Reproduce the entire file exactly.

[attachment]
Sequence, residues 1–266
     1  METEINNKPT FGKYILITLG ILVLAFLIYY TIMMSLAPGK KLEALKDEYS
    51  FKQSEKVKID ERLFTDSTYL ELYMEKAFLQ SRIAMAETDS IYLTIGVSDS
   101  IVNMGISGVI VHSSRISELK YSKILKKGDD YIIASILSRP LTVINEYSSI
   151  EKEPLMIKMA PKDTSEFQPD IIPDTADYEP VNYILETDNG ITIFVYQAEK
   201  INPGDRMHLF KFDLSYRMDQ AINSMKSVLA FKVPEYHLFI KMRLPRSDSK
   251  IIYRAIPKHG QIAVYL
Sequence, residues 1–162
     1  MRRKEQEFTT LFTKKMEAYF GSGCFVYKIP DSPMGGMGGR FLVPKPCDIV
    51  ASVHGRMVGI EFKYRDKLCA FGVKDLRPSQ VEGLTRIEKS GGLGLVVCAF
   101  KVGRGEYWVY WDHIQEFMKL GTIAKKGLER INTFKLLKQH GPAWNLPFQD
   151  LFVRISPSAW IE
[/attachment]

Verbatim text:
Sequence, residues 1–266
     1  METEINNKPT FGKYILITLG ILVLAFLIYY TIMMSLAPGK KLEALKDEYS
    51  FKQSEKVKID ERLFTDSTYL ELYMEKAFLQ SRIAMAETDS IYLTIGVSDS
   101  IVNMGISGVI VHSSRISELK YSKILKKGDD YIIASILSRP LTVINEYSSI
   151  EKEPLMIKMA PKDTSEFQPD IIPDTADYEP VNYILETDNG ITIFVYQAEK
   201  INPGDRMHLF KFDLSYRMDQ AINSMKSVLA FKVPEYHLFI KMRLPRSDSK
   251  IIYRAIPKHG QIAVYL
Sequence, residues 1–162
     1  MRRKEQEFTT LFTKKMEAYF GSGCFVYKIP DSPMGGMGGR FLVPKPCDIV
    51  ASVHGRMVGI EFKYRDKLCA FGVKDLRPSQ VEGLTRIEKS GGLGLVVCAF
   101  KVGRGEYWVY WDHIQEFMKL GTIAKKGLER INTFKLLKQH GPAWNLPFQD
   151  LFVRISPSAW IE